Four things PennDOT wants you to know about its plans for testing self-driving cars

“We’re not going to wake up one day and 100 percent of vehicles on our roads will be automated.”

Jared Wickerham/ For The Incline
MJ Slaby

Pittsburgh and the state of Pennsylvania are considered leaders in the testing of self-driving cars, according to Leslie S. Richards, PennDOT Secretary.

“And that’s pretty exciting for everyone here in the Commonwealth,” she said Monday night in an online public forum. The webinar followed recommendations from the Autonomous Vehicles Testing Policy Task Force given to Richards last week.

During the online forum, a six-person panel of PennDOT officials and task force members gave an overview of the recommendations which include PennDOT oversight and proposed restrictions. The panel stressed that the task force focused exclusively on testing of self-driving cars, not deployment of the vehicles.

Online forum about recommendations to PennDOT for testing of self-driving cars

Online forum about recommendations to PennDOT for testing of self-driving cars

The task force includes two Pittsburghers —  Carnegie Mellon University Professor Raj Rajkumar and Erika Strassburger, chief of staff for Pittsburgh Councilman Dan Gilman, as well as two representatives from Uber. The ride-sharing company launched a public pilot of the self-driving cars in Pittsburgh three months ago.

Self-driving cars are an “enormous transportation revolution,” Richards said and added that it’s “coming faster than we ever dreamed.” As policies and autonomous vehicle technology continue to be developed, here are four things PennDOT says to keep in mind.

Laws are needed

Task force members didn’t always agree during meetings over the last six months, and one of the most interesting instances was over whether the policy should go forward before legislation was enacted, said Roger Cohen, co-chair of the task force.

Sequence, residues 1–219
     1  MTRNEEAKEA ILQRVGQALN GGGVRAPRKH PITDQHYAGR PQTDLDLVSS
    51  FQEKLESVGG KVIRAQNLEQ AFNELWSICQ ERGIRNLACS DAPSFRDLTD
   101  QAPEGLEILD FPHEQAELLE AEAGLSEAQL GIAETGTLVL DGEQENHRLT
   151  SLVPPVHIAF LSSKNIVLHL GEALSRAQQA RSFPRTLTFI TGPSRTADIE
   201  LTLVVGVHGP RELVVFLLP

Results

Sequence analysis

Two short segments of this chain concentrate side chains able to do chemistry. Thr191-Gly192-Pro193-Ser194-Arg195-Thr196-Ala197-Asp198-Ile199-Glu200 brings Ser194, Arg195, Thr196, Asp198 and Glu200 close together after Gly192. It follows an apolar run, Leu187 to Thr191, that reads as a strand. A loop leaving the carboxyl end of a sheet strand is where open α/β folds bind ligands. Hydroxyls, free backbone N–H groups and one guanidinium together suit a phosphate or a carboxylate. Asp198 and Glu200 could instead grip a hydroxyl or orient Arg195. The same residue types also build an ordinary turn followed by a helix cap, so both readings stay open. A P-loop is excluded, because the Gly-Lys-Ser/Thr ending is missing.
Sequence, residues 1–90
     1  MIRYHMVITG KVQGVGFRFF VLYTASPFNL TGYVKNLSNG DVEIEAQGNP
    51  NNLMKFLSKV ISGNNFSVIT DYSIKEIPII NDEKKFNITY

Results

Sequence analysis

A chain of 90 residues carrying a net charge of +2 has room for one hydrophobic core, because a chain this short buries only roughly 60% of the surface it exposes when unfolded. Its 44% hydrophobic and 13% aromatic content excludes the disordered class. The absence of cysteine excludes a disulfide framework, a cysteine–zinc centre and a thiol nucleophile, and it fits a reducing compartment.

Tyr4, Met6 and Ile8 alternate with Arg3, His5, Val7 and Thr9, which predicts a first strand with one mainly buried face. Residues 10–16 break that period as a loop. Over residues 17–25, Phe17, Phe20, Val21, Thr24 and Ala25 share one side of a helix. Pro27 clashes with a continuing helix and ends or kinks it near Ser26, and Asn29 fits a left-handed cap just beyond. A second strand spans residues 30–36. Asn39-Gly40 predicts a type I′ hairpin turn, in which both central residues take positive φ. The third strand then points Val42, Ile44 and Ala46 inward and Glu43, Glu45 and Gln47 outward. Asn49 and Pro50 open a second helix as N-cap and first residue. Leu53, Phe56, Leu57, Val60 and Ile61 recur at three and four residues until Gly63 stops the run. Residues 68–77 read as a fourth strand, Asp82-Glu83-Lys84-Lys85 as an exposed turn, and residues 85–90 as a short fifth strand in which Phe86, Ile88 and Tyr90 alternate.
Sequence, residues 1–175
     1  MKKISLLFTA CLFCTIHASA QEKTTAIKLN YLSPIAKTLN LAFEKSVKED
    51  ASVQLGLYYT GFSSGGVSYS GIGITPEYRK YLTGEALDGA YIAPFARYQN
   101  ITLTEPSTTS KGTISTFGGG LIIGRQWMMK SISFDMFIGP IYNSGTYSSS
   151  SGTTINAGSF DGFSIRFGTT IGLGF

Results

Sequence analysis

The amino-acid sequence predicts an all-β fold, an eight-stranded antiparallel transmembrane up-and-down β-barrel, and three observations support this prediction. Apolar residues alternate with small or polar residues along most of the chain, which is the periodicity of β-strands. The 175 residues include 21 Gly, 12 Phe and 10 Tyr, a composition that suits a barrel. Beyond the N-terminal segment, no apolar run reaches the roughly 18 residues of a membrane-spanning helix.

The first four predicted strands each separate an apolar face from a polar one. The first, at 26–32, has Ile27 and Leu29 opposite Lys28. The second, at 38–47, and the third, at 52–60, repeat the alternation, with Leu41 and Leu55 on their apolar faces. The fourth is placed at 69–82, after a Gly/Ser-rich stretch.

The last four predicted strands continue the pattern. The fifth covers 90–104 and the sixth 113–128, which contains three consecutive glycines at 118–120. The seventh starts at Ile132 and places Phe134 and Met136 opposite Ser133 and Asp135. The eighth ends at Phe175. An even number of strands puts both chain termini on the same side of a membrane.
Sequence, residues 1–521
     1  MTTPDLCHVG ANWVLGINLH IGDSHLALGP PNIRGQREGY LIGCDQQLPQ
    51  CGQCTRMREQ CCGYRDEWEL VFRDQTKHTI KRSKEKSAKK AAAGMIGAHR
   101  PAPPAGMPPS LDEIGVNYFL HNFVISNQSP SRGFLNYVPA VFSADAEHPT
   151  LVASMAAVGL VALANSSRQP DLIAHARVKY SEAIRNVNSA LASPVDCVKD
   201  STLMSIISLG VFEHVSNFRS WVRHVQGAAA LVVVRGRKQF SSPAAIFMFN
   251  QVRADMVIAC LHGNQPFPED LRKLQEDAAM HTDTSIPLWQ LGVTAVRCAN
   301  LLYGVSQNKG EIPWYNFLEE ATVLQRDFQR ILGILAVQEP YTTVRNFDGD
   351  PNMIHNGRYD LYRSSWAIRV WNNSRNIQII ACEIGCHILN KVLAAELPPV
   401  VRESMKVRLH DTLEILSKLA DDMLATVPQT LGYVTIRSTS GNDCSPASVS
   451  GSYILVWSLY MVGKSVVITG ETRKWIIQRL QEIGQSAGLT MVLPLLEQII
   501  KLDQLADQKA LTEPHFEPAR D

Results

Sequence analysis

The policies have no effect until legislation is passed, he said, adding that if polices were put in place first, they might need to be changed to be consistent with the new laws.

Task force members are working with members of the state house and state senate transportation committees, as well as all state lawmakers to further proposed legislation when the session starts in January, said Kurt Myers, PennDOT deputy secretary and co-chair of the task force. Cohen said the task force decided it was useful to have the policies ready for when legislation is eventually passed.

It won’t happen overnight

Following the presentation, panel members answered questions submitted online including one from Noah (he didn’t give his last name) in Pittsburgh who asked about autonomous vehicles eliminating jobs.

“I do think it’s important to keep perspective here,” Myers said.

He said that while self-driving cars could cause changes in jobs, the transition period from testing to deployment is extensive. Myers said that five percent of vehicles in the state – not including classic or collector cars — are 20 years old or more, so it’s not as if everyone will get a new car at once.

“It will take decades for [this to be] integrated to day-to-day life of the Commonwealth,” he said. But, he said, job creation and elimination due to the technology is something the state is going to keep in mind and address.

Richards agreed. “We’re not going to wake up one day and 100 percent of vehicles on our roads will be automated,” she said. “That may never happen, and if it does, it will be far into the future.”

Safety is No. 1

The second Pittsburgher to ask a question during the online forum was named Michael, and he asked about the safety of testing the cars and why they couldn’t just use simulations instead.

“Real world situations are the best way to test this data,” Richards said, but she and the others stressed that safety was at the forefront of the policy development.

She said 95 percent of fatalities on Pennsylvania roads are due to human error, so this technology allows for eventually taking human distraction out of the equation. She said moving ahead is “the prudent thing to do.”

Public support is needed

Some companies do use simulation in their research and some use field tests, added Mark Kopko, PennDOT advance vehicle technology manager.

Regardless, self-driving cars need the general public to embrace the idea. And in order to do that, people need to see the cars regularly, like people do in Pittsburgh, he said. “Seeing is believing.” 

The future of the policies on testing really hingers on public involvement, Richards said, and urged viewers to get involved.

Any changes to the recommendations following the online forum will be posted on the PennDOT website. Richards asked Pennsylvanians to read the recommendations and email their opinions to [email protected]. Feedback will be collected through Jan. 12.

Read the task force’s recommendations here: